The UN’s International Telecommunications Union (ITU) said that 3.9 billion people do not have home or mobile internet access More than half the world’s population does not use the internet, with prohibitive broadband costs keeping billions off line, a United Nations report said Tuesday. The UN’s International Telecommunications Union (ITU) said that 3.9 billion people do not have home or mobile internet access and that the problem was most acute among the world’s ”female, elderly, less educated, lower income and rural (populations).”
One problem is the cost of fixed-broadband access, which has fallen globally over the last decade but remained ”clearly unaffordable” in many of the world’s poorest countries, the ITU said.
In 2008, the global average price for a basic fixed-broadband connection was $80 (75 euros) per month, a figure which fell to $25 a month last year, according to the ITU.
But, in poorer countries a fixed-broadband monthly package with just one gigabyte of data—which is roughly the amount needed to download an average movie— still costs more than half of an average annual salary.
With fixed broadband so expensive, mobile internet access can offer a solution to get more people online the ITU said, noting that mobile-broadband networks technically cover 84 percent of the world’s population.
But for many it is the cost of the handset, rather than the monthly subscription, which remained the biggest economic barrier to mobile internet access, according to the ITU.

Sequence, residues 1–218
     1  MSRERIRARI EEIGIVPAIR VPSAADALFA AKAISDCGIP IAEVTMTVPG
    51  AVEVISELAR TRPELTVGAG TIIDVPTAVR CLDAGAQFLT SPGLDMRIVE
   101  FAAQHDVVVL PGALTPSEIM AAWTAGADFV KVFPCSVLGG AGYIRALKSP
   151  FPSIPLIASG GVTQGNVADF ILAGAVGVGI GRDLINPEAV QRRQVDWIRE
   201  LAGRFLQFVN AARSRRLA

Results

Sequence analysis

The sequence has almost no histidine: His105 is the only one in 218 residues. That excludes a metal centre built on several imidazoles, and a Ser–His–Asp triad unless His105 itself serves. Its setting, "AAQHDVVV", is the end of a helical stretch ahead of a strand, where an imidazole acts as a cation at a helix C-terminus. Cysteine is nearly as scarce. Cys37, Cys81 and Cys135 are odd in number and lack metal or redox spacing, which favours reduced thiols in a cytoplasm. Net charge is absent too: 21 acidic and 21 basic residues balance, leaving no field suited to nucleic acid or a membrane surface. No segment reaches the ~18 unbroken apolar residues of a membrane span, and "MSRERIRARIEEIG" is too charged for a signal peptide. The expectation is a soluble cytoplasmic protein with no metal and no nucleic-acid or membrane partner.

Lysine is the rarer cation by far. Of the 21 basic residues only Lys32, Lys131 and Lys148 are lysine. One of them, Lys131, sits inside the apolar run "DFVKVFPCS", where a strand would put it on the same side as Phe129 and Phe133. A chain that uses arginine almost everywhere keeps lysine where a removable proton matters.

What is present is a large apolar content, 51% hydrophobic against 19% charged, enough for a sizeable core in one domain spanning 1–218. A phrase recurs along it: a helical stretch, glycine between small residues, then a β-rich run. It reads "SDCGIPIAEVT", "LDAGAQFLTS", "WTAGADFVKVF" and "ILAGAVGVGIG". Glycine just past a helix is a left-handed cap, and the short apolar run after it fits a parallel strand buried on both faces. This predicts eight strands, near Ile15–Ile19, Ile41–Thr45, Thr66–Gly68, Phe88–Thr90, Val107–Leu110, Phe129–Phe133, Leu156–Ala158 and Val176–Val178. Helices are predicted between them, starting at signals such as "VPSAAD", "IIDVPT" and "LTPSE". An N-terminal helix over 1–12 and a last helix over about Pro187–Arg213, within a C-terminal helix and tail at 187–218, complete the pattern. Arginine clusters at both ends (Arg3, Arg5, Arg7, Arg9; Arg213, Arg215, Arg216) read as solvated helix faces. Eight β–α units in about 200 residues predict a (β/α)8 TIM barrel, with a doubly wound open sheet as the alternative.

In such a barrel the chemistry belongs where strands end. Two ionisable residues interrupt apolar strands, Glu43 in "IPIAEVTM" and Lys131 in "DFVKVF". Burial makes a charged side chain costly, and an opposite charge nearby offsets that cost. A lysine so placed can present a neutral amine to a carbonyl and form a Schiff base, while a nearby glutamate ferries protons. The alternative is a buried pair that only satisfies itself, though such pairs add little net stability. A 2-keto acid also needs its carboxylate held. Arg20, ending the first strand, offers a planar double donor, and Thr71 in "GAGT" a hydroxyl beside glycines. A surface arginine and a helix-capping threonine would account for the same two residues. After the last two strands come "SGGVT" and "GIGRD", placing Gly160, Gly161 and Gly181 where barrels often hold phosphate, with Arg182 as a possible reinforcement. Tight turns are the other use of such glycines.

”In 2016 people no longer go online, they online,” the report said. ”Yet many people are still not using the internet, and many users do not fully benefit from its potential.”
To increase digital access globally, the UN agency said it needed better data about who was being shut out of the information technology world.
”A data revolution is needed to better understand who uses the internet, where and how,” the report explained.
Addressing the problems with the data set that has been predominate for years, ITU highlighted that mobile phone subscriptions, long cited as a connectivity indicator, no longer reliably reflected actual mobile phone use.
While there are nearly as many mobile subscriptions in the world as there are people, in some regions up to 40 percent of people do not own or use a mobile phone, suggesting the huge number of people with multiple subscriptions had skewed the data.
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© 2016 AFP